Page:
Switching from Google Analytics to GA4: All You Need to Know
Since its arrival in October 2020, Google Analytics 4 (GA4) has garnered a lot of attention among internet marketers worldwide. In particular, the need to migrate from Google Analytics to GA4 is becoming increasingly apparent – to get more in-depth customer insights, track touchpoints, ensure data-powered attribution, and even be able to access historical data. Given that Universal Analytics and Universal Analytics 360 will stop processing web traffic hits from July 2023 and October 2023 respectively (as announced earlier this year), the onus is on the experts from every top SEO agency to get familiar with GA4 – which is all set to become the default program.
Here is an in-depth guide that will help you make a smooth transition from Google Analytics to the event-based GA4 model:
Why Is Migrating To GA4 Important?
At the very outset, it is very important to understand that moving from Google Analytics to GA4 is not just ‘changing a set of code with another’. For starters, migrating historical data is not possible from Universal Analytics to GA4. The former is not a retroactive model – and as such, GA4 cannot be viewed as just an upgraded version of UA. Given that UA and GA4 are powered by entirely different data models, marketers can view data only after the new code is implemented in GA4. Upgrading from UA to GA4 is an irreversible process – and the migration has to be done without unnecessary delays.
All That’s New In GA4
For experts from any top SEO agency in Kolkata, understanding the new features of GA4 is vital. The predictive modeling capability, in particular, is extremely interesting – as an audience-building tool. The two key metrics in this context are ‘Churn Probability’ and ‘Purchase Probability’. While the former indicates the probability of people not visiting a website/app over the next 7 days, the latter would show the likelihood of website/app visitors ‘converting’ in the next 7 days.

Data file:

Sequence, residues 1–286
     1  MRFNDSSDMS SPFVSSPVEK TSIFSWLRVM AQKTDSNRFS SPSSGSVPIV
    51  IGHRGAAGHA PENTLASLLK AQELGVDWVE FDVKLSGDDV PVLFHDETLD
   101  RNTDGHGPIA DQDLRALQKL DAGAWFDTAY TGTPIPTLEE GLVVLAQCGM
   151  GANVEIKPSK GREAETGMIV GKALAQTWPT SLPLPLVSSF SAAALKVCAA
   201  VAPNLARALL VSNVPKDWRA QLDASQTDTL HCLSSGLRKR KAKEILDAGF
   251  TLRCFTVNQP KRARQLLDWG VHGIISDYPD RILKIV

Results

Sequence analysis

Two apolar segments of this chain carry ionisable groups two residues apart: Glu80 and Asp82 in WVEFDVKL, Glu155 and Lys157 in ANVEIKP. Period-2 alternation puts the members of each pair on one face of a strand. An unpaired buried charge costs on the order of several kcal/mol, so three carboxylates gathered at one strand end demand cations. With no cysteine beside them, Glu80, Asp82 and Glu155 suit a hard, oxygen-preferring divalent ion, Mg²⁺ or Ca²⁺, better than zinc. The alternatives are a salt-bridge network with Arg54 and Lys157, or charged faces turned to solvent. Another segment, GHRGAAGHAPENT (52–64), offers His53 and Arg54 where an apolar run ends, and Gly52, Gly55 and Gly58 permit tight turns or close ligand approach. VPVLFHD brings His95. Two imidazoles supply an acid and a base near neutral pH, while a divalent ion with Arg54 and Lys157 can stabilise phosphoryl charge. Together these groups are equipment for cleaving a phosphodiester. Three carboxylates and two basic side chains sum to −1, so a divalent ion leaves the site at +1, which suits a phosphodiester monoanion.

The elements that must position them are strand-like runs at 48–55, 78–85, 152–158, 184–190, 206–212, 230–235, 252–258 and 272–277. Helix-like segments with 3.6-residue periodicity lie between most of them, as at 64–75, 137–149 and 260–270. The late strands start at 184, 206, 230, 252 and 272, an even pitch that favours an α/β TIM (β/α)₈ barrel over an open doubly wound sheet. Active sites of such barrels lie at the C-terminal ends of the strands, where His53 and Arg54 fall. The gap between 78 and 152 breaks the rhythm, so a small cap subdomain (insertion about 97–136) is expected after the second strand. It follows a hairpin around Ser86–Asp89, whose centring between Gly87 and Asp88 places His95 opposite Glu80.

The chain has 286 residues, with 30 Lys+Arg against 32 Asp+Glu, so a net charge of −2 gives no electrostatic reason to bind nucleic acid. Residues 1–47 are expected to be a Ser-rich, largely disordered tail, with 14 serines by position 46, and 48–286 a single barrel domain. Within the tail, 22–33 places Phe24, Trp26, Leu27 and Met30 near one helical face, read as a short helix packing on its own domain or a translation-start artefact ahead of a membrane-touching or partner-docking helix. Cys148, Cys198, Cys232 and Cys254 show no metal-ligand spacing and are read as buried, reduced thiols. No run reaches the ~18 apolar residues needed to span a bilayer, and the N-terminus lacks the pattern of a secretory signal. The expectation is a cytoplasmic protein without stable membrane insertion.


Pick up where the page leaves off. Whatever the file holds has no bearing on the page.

With robust digital security features, GA4 addresses the growing concerns over data security & management globally. IP addresses are not stored in the GA4 model – and it is no longer dependent on cookies either. More importantly, GA4 heralds the shift from ‘last-click attribution’ to ‘data-driven attribution’. Apart from helping online marketers understand the impact of marketing campaigns on actual conversions, data-driven attribution also brings in greater transparency and tracking options over the entire buyer journey.
We live in a ‘mobile-first’ world. Revenues from mobile apps are projected to zoom past the $930 billion mark by the end of 2023. GA4 makes it possible to track app activities as well (along with regular website traffic tracking). This, in turn, will enable more accurate customer segmentation and remove existing ‘blind spots’ over app traffic data.
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Migrating To GA4: The Key Steps
Prior to initiating the migration from Google Analytics to GA4, it is important to do a complete audit of the existing UA properties and accounts. List the metrics that are being tracked, along with the tools/systems connected. The structure of the GA4 account also needs to be planned carefully (for instance, the number of streams/properties that need to be set up). All the metrics from the UA properties also have to be mapped to GA4 (although 1-on-1 mapping may not be possible).
To keep the migration from UA to GA4 systematic, proper documentation of the UA settings is important. All the property settings – right from currency & time zones, to configured filters, cross-domain tracking capabilities & more – everything has to be set up correctly. SEO agency professionals need to specify the user permissions on GA4.
Since there are significant differences between the event models of GA4 and UA, due care has to be taken to avoid mistakes during the event migration stage. The ‘enhanced measurements’ of GA4 can also replace some of the existing UA events.
Understanding The Different Types Of Events On GA4